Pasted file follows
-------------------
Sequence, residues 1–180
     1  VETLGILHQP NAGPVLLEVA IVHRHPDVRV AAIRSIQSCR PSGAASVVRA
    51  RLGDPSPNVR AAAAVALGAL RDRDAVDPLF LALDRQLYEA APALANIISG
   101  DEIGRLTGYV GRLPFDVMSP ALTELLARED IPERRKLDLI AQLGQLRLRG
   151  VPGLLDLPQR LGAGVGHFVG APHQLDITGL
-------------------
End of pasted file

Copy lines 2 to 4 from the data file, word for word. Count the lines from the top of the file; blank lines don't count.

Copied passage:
     1  VETLGILHQP NAGPVLLEVA IVHRHPDVRV AAIRSIQSCR PSGAASVVRA
    51  RLGDPSPNVR AAAAVALGAL RDRDAVDPLF LALDRQLYEA APALANIISG
   101  DEIGRLTGYV GRLPFDVMSP ALTELLARED IPERRKLDLI AQLGQLRLRG